community council, household food sharing; or the like. Seasonality of activities and periods of cash or labor scarcities are important to understand as well as which of the household members is involved in each activity.

Different households do not all adopt the same strategies. Livelihood strategies are a function of the characteristics of the households such as wealth, sex of the household head, relative age of the household and household composition (sex, age and relationship of household members). Even though all households in a livelihood system have access to all activities, the constraints and resources reflected in these characteristics cause the members to choose different subsets of the activities as strategies. To effectively help all these diverse households intensify production, it is critical to assess the capabilities of each type of household in order to mold the technology to the needs and constraints of each type.

But this sounds like anthropology. And everyone knows that anthropologists take years to do their ethnographic studies in remote villages and then don't really want anyone or anything to change "their" village. This is no longer the case. Many anthropologists with solid agricultural backgrounds are productive members of multidisciplinary teams, Also, many agronomists now have solid anthropological training. Incorporating these kinds of scientists in teams working to intensify diverse small farm agriculture is highly productive. Economists (heaven forbid!) with agronomic and/or anthropological training can also be useful members of the team.

Modeling small-scale, limited-resource family farm livelihood systems, such as by ethnographic linear programming (Bastidas; Breuer; Cabrera; Grier; Gough; Kaya, Kaya et al.; Litow; Mudhara; Pomeroy; Sullivan; Thangata), is one effective way to integrate crop, animal, anthropologic and economic knowledge gained through fanner participation to help predict which households may be able to adopt different kinds of new technologies even prior to their being offered to farmers in the community. 5 These models help us understand the kinds of technologies that are needed by the different types of households in an area and thus can guide innovative thought into unique approaches to agricultural intensification that can help even the poorest kinds of small farm households survive and thrive.

Figure 2 represents a highly efficient and very effective methodology for incorporating these different kinds of scientists in a participatory process with farmers that incorporates diversity, both in problem or constraint assessment and in recommendations. With the availability of laptop computers, it is now feasible for modelers to work in the field with farmers in the process of creating, validating and using their models. When these models are validated (adequately simulate the existing livelihood system), alternatives can be pre-tested in the models, even while on-farm trials are being conducted, both to help researchers better understand how the alternatives would fit into the strategies of the different kinds of households, and to help characterize the recommendation domains for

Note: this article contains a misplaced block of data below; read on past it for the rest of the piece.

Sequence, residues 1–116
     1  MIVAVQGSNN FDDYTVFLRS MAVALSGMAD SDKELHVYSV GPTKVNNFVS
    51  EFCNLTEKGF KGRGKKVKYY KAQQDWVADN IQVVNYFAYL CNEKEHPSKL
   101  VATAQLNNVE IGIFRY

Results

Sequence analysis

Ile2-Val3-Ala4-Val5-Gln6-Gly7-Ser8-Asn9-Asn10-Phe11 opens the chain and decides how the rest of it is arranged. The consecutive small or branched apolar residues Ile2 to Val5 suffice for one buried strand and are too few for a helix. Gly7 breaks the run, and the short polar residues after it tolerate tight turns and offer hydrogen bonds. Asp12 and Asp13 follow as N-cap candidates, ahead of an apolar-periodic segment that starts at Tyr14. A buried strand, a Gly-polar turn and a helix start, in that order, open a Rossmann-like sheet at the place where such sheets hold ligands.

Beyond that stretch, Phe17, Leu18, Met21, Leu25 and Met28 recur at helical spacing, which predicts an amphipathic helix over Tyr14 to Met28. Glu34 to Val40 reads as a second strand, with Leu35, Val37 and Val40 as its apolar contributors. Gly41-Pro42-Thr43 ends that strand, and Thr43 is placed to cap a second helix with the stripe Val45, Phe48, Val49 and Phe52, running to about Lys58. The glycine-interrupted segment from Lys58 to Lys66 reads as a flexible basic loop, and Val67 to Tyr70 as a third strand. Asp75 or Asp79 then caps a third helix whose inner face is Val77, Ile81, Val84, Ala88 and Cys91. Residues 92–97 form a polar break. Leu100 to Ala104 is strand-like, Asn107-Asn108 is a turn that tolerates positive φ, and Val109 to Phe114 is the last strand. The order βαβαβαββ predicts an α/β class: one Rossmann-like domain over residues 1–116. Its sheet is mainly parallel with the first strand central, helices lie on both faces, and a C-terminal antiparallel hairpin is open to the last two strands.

5 See Hazell and Norton for details on linear progranuning. See Hildebrand, 2001, for details on ethnographic linear programming. For examples of ethnographic linear programming see the other authors listed above.

which the technologies are appropriate. The results of the on-farm trials and knowledge gained from continuous contact with the farmers can be used to improve the ethnographic linear programn-fing models which should constantly be modified to make them even more useful.

Figure 2. Schematic representation of the methodology for ex-ante evaluation of potential technology, infrastructure or policy changes. (based on Bastidas, 2001)

It can be done

Mniaturizations of computer hardware, and advances in software have generated the potential to create and use sophisticated models in the field while working with farmers in their diverse environments in a participatory, ethnographic mode. We know these methods work. Now is the time to put them all to work together. This will require concerted, multidisciplinary efforts and the will to shed many approaches to which we tend to cling. The remaining challenge is for research and extension personnel, infrastructure managers and politicians to become innovative in their search for technologies, infrastructure and policies specifically oriented to the still increasing number of highly diverse, small-scale, limited resource, family farms in many countries of the world including those in Latin America and the Caribbean.

Success (reaching poor farmers) will not be achieved either by applying modem science and
technology, on the one hand, or by implementing economic and social reform on the other, but
through a combination of these that is innovative and imaginative. (Conway p. 42).